Ah, the good old Skills Test debate. Lets be honest, a 10 Year Old could pass these. That's not being arrogant or dismissive; if anything, they should be harder to weed out the dead wood. Literacy and Numeracy should be a focus in every lesson across every subject. If a prospective teacher can't grasp the basics then I certainly wouldn't want them teaching my son.I find the outcry over such basic tests incredible.
    alexandrawest55 likes this.
  10. littledragon25

    littledragon25 New commenter

    I have to agree with previous posts - these tests are SIMPLE. They are the same level as basic KS2/KS3 maths and English, so anybody who complains about them frankly should not be in teaching. Even if you aren't teaching English or Maths, you have a duty to encourage literacy and numeracy in your classroom. You need to be able to write in a literate manner on the whiteboard, you need to be able to work out basic percentages and collate basic data etc.

    If you can't pass them in 3 attempts, then you need to question whether or not you have the very basic skills needed to succeed in this role.
    alexandrawest55 likes this.
  11. Hellsbelle21

    Hellsbelle21 New commenter

    Wow, some of you guys are incredibly judgemental! While it is fair to say that there should indeed be a decent standard of numeracy and literacy for all those in the teaching profession, it is simply not a case of saying that if an individual fails these tests that they are incompetant and should not be able to teach.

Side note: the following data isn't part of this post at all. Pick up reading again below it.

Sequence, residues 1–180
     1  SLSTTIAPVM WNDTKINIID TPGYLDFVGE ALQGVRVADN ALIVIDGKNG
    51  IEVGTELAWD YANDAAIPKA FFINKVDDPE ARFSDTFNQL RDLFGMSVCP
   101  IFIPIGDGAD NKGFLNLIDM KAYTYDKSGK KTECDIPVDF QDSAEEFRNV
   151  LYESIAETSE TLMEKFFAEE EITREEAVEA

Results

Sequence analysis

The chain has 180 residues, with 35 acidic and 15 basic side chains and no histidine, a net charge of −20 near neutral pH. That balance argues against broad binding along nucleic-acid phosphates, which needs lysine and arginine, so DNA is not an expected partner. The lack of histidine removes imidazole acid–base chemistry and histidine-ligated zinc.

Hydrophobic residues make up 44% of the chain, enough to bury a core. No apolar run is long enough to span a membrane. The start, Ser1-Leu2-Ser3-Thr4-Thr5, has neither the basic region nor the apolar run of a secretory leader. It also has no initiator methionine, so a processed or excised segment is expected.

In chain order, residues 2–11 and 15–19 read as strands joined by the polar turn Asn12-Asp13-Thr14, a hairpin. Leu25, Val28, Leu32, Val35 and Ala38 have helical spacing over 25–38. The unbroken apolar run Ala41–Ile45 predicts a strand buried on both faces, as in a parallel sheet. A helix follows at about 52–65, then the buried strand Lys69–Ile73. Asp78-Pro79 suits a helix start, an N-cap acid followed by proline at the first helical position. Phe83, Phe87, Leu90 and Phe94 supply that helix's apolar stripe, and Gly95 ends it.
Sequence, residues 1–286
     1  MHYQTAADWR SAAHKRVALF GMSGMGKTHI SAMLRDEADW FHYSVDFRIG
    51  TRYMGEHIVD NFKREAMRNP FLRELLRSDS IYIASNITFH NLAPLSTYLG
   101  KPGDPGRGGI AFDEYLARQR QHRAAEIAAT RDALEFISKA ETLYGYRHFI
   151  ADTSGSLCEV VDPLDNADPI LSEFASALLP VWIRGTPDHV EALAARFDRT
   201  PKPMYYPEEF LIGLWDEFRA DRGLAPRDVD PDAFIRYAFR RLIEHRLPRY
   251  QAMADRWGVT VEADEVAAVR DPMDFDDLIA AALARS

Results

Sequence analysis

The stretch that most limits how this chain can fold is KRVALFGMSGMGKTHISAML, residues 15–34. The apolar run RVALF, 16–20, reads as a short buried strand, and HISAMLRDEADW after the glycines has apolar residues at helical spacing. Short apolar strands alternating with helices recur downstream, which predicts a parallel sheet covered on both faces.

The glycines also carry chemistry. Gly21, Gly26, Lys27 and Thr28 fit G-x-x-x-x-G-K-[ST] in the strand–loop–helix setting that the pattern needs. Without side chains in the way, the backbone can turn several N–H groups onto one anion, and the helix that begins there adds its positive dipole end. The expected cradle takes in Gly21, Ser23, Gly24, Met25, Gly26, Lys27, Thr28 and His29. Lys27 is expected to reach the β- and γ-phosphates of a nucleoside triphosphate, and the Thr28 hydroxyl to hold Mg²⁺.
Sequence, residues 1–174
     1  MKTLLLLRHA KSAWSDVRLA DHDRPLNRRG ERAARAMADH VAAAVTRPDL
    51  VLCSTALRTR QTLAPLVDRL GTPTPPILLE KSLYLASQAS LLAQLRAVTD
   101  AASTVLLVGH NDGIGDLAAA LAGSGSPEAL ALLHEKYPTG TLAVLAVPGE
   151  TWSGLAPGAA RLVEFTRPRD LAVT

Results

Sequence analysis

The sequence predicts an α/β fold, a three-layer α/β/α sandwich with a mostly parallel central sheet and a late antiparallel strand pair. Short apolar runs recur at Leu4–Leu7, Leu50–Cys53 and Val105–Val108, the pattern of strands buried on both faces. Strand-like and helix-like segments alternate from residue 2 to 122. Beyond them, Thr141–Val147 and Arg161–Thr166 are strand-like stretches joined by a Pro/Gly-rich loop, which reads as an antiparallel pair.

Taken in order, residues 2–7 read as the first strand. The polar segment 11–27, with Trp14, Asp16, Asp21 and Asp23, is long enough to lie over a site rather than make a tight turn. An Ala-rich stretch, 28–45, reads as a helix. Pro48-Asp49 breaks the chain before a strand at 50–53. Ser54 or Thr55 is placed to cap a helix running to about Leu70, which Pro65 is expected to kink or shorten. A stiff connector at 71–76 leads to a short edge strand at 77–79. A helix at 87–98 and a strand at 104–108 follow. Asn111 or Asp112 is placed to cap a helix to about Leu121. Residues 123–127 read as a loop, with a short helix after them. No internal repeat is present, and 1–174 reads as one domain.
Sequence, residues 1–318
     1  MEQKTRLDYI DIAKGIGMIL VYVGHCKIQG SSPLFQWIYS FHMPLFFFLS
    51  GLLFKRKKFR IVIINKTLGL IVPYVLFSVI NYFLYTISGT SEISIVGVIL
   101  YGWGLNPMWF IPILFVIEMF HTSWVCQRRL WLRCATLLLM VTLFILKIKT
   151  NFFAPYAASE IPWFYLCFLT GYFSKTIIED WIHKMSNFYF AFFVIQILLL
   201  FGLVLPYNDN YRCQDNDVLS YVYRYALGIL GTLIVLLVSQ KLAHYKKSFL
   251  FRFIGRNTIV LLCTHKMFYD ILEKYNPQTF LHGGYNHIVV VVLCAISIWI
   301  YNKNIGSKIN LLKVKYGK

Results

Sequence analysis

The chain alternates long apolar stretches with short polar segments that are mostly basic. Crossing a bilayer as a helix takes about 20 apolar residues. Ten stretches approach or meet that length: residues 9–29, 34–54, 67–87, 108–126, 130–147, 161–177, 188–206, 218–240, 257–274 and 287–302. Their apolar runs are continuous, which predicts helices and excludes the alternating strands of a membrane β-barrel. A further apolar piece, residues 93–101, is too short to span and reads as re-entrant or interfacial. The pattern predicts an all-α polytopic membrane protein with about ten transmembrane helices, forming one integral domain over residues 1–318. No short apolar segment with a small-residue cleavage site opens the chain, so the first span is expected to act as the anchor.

These tests are not as simple as many of the people on this forum are claiming. The concepts may be fundamental, but the conditions in which they are set are difficult.

    Some people take longer than others to work through a problem either mentally or on paper. These tests set arbitrary time constraints on the individual and added to that the fear of 'if I fail this test three times I cannot resit them for 2 years!' only serves to increase the pressure.

    We all have our own style and pace when it comes to learning and working out problems. One person should not be penalised over another just because their style doesn't fit into these restrictive test models set by the government.
  12. PaulDG

    PaulDG Occasional commenter